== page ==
Do you remember the opening scene in Ferris Bueller’s Day Off? He’s rushing down the hallway of his house, moving through his morning routine, when he looks at the camera and says: “Life moves pretty fast. If you don’t stop and look around once in awhile, you could miss it.” That’s impressive insight from a high school boy.
After all, what parent hasn’t felt this way about their pace from time to time? When my son was born, a friend told me these would be the longest and shortest days of my life. And it’s true—some days feel like a never-ending scramble that end with the lingering question, “What just happened?”
Parenting success is comprised of a series of moments and not one single point in time.
As ministry leaders, we want to help families win. But if you work in a church, you have a limited amount of time with the kids and students in your midst. On average, you have 40 hours a year to say everything you want to say and do everything you want to do. For this reason, what you do on Sunday matters.
But how you set parents up for the week matters more. Because, while you have 40 hours, a parent has about 3,000 hours with their child in a given year. That’s 75 times the amount of potential influence you will ever have as a church!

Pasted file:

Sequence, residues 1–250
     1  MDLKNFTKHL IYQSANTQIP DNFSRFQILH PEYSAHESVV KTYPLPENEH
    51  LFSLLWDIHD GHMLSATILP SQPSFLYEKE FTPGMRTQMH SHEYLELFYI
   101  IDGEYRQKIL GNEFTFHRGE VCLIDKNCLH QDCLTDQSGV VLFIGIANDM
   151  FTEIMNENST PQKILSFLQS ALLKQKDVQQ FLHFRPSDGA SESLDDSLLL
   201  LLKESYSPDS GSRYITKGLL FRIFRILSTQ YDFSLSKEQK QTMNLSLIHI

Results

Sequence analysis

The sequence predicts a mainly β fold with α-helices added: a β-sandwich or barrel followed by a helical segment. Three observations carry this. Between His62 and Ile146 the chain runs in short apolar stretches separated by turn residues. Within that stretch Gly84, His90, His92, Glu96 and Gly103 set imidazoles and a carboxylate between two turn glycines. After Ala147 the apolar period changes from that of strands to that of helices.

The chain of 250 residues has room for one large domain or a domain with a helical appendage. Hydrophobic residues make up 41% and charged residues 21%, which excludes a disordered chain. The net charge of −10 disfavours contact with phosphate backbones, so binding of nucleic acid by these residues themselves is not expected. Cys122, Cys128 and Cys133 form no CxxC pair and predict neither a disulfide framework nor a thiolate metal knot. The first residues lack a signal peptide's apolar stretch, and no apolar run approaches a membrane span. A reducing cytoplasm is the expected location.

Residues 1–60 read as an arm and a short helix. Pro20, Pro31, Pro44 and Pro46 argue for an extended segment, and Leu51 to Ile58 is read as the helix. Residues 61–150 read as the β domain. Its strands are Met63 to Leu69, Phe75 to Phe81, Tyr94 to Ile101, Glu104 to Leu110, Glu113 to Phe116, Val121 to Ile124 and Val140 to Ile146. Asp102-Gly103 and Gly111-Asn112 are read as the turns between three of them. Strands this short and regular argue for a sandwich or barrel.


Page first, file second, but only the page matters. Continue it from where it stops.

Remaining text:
Sunday should be a launch pad for conversations to take place at home during the week.
In Deuteronomy 6, Moses gave history’s first mini-parenting seminar. In it, he told the Israelites: “These commandments that I give you today are to be on your hearts. Impress them on your children. Talk about them when you sit at home and when you walk along the road, when you lie down and when you get up. Tie them as symbols on your hands and bind them on your foreheads. Write them on the doorframes of your houses and on your gates” – Deuteronomy 6:6–9 NIV
[bctt tweet=”These commandments that I give you today are to be on your hearts. Impress them on your children. Talk about them when you sit at home and when you walk along the road, when you lie down and when you get up.” – Deuteronomy 6:6–9 NIV” username=”orangeleaders”]
Moses didn’t say, “If you want your child to love God, plan regular daddy-daughter dates,” or, “The key to parenting is attending a special event at church.” No, Moses’ advice for raising the next generation was to take advantage of the moments that already exist in the rhythms of day-to-day life.
Instead of encouraging parents to create more moments in their week, we can cue them to use the times they already have better. Every week, most families experience some variation of morning times, drive times, meal times, and bedtimes together. Through these kinds of opportunities, we can help parents use their 3,000 hours to make a greater impact on the hearts of their kids.
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